Frack fight to go on despite Ryedale result

Lancashire anti-fracking campaigners have said they will fight on against shale gas despite a vote in Yorkshire to allow the controversial process to go ahead at one site.

Wednesday, 25th May 2016, 10:00 am
Demonstrators outside County Hall in Northallerton where North Yorkshire County councillors gave permission to frack near the village of Kirby Misperton, between Malton and Pickering.

County councillors in North Yorkshire granted permission on Monday for Third Energy to frack at a site near Kirby Misperton in Ryedale.

Lancashire County Council refused an application by the firm Cuadrilla to frack at Preston New Road and Roseacre Wood, near Blackpool, but the company appealed, triggering a six-week public inquiry. The final report is due to be handed to Communities Secretary Greg Clark in July. He will then make a decision later this year.

Claire Stephenson from the Preston New Road Action Group said today: “The Preston New Road group is deeply disappointed with the decision by North Yorkshire County Council.

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“The Conservative-majority planning committee struggled to understand the many flaws in the application in front of them, even referring to the flowback fluid as ‘blowback’.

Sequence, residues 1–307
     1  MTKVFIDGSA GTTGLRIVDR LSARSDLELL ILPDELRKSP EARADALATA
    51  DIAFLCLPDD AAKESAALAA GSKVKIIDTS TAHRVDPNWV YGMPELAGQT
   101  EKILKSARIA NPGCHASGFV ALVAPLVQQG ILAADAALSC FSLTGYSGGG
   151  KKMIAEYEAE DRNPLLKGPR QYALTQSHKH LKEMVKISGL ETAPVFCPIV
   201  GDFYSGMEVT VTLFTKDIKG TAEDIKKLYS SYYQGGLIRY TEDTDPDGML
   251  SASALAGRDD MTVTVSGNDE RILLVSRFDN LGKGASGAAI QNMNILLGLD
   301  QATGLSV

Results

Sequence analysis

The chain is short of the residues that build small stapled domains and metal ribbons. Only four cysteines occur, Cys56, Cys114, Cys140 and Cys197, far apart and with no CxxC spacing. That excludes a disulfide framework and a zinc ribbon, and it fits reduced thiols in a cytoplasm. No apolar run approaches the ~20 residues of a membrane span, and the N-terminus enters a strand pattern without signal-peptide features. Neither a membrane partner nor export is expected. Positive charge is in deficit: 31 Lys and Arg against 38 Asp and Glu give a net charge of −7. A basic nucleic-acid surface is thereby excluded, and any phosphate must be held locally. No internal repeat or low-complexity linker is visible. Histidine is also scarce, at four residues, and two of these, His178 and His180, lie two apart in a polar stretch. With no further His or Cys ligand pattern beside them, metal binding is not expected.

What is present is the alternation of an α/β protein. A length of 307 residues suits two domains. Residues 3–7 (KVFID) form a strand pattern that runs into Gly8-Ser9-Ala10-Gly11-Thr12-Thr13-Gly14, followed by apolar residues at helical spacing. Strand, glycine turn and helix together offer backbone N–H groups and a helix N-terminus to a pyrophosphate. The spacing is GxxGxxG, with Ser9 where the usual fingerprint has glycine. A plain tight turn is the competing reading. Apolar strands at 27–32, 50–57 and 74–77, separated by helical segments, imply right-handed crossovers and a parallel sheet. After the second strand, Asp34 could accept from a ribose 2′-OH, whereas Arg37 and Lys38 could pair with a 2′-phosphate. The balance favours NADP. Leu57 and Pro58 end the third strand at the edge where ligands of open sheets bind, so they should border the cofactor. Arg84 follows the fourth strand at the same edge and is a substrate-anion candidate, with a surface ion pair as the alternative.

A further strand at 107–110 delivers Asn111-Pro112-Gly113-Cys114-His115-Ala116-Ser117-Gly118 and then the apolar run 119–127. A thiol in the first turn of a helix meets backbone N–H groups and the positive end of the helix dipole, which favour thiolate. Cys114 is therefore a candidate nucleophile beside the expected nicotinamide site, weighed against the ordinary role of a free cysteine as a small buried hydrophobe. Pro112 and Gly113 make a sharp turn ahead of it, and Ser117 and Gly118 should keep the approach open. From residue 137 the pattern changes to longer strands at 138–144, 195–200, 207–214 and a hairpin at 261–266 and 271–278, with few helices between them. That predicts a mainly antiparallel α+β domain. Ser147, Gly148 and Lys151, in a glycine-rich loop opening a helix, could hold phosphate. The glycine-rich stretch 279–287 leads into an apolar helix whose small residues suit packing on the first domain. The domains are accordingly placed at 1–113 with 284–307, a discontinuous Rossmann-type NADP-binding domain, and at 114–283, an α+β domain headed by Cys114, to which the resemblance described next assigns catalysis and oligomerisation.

“It was painful to watch. The Third Energy fracking application was a somewhat easier option to pass than here on the Fylde, as there has already been conventional drilling carried out at the well site.

“The decision in Yorkshire is a clear indication that the UK’s vested-interests government is determined to force fracking onto unwilling communities. The membership number in anti-fracking groups across the country increased last night, following the decision.”

Helen Rimmer, from North West Friends of the Earth said: “Communities have no right to appeal planning decisions. However, it is possible to seek judicial review of the decision in North Yorkshire and Friends of the Earth, working closely with local communities, will consider the detail of yesterday’s decision carefully with a view to deciding how best to proceed. As with Cuadrilla’s planning applications in the Fylde, there is huge local opposition – over 99 per cent of responses to the plans were objections, including from the district council.”

But the decision has been welcomed by business groups.

Babs Murphy, chief executive of the North and Western Lancashire Chamber of Commerce welcomed the decision and said: “This decision is on course to set a precedent not just for Yorkshire but for the whole of the UK. It will provide secure, homegrown energy to hard-working families and businesses for decades to come and will release significant economic benefits for a for large number of businesses, workers and families across the country”.